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Discussion Starter · #1 ·
New to owning a UTV and want to make sure I am doing the best thing for the machine.

I just bought a brand new Viking and was considering upgrading the tires because we ride in mud a lot. Considering going with something like a 27" mudlight both front and rear as they have served me well on all of my ATV's in the past.

Where the confusion comes in is regarding the Clutches.

I have been reading everything I can on the web and it seems currently there are 2 clutch options out there at the moment.

PSI seems to use a kit that changes the spring in the Driven, a new set of greaseless roller weights in the drive and a new set of springs for the wet clutch. Complicated, but not beyond my ability to install.

Hunterworks offers a setup that utilizes a machined sheave and greaseless roller weights with the option of replacing the driven clutch spring. Really simple and has the benefit of not opening up the engine to access the wet clutch.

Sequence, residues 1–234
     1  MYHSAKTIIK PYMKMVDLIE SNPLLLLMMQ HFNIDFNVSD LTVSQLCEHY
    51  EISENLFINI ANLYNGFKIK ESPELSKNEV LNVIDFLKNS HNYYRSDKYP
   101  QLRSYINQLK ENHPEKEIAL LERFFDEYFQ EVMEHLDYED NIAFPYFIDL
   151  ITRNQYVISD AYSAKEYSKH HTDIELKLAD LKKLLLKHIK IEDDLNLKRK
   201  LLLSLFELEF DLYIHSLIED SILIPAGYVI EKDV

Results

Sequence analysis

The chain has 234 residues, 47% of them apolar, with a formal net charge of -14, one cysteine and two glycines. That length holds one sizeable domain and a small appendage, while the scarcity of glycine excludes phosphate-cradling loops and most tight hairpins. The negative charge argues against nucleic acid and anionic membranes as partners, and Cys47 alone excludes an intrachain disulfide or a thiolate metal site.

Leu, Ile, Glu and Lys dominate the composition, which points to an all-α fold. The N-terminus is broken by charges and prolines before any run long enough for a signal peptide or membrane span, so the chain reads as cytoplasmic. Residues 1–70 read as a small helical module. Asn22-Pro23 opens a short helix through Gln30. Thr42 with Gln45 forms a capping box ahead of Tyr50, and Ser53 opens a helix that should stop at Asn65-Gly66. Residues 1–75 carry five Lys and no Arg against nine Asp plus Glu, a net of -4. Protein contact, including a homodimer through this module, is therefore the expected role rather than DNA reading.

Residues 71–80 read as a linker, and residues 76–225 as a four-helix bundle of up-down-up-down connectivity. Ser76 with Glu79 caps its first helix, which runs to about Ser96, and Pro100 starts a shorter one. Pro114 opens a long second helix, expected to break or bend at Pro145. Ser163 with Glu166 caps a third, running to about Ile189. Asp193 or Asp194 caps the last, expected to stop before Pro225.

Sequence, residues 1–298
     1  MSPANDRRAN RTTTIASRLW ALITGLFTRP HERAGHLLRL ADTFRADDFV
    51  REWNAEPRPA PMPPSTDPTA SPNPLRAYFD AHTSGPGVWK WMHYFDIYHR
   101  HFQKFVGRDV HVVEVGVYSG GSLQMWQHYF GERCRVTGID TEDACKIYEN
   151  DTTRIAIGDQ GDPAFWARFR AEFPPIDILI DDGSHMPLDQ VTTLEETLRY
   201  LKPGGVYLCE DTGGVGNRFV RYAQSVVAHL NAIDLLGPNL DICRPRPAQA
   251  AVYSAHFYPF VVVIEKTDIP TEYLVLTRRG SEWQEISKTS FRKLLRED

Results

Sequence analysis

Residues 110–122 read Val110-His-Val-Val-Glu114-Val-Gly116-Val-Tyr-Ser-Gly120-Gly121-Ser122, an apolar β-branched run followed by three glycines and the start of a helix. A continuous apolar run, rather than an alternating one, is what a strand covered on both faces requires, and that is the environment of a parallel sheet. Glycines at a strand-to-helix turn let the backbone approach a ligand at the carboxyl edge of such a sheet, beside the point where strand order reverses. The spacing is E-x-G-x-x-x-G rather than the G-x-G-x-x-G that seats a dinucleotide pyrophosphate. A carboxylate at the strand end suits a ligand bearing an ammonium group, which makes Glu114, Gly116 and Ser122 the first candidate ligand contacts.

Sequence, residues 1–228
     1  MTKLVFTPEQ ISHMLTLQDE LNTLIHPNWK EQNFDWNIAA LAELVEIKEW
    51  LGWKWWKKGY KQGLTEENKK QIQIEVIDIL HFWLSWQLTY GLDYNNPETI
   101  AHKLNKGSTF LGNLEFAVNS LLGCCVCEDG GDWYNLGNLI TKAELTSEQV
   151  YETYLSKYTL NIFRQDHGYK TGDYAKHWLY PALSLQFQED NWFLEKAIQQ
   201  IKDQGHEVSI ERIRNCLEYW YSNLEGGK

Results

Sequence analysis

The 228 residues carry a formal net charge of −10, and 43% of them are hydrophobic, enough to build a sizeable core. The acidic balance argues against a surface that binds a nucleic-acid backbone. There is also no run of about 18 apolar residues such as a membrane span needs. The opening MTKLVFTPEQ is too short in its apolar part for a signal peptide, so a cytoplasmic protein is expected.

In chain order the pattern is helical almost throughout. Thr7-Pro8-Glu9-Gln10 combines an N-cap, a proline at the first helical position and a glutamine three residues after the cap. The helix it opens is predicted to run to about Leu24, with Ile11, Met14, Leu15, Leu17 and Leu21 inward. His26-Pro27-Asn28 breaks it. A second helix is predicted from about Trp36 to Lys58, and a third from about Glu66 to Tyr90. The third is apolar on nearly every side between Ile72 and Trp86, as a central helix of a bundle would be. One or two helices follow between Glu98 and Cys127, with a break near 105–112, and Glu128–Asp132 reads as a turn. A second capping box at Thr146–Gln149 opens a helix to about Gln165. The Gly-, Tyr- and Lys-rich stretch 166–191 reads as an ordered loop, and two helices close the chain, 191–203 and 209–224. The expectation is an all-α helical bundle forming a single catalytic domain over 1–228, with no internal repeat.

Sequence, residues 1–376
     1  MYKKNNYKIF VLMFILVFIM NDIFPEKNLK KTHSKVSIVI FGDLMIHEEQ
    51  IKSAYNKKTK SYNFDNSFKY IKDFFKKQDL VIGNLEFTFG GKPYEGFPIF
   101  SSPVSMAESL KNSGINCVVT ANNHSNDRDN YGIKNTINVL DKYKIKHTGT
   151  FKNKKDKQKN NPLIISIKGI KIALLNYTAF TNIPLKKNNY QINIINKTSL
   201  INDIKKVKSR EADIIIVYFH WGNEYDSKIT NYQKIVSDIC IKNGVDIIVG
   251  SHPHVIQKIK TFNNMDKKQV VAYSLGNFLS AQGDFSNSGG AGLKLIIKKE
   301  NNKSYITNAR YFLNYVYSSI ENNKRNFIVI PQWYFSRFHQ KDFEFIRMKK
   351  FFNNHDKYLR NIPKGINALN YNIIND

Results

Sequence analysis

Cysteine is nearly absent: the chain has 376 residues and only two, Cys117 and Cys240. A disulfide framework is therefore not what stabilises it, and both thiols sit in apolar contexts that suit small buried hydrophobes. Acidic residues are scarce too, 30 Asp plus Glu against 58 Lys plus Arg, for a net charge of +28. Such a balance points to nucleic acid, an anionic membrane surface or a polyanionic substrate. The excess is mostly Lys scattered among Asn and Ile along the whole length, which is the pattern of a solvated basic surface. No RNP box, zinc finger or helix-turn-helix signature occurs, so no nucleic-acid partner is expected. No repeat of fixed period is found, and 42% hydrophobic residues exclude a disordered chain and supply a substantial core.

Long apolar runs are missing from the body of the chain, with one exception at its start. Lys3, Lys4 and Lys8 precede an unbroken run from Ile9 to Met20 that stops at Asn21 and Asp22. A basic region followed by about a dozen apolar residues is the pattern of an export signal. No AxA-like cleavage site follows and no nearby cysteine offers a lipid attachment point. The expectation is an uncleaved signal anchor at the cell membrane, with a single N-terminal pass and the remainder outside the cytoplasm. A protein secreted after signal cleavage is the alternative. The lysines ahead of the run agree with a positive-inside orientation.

I mentioned MUD right? I go to the mudholes here in Florida at least 2 weekends out of every month and this machine will be in the thick of it so I want to make sure I am treating the machine as well as possible to limit future breakdowns.

Currently I am leaning towards Hunterworks based on the ease of install, however I want to know if there is any real world benefit in going to the PSI kit and modding the wet clutch?

looking forward to hearing you guys opinions.......
 

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Dont know a thing about clutches, but just wanted to say welcome.
 

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Give Todd from Hunterworks a call and discuss it with him....He is a stand up guy and has a ton of experience with the Rhino clutching system. (on which the viking is developed from)
 

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I have gotten the impression it its two separate, but related issues.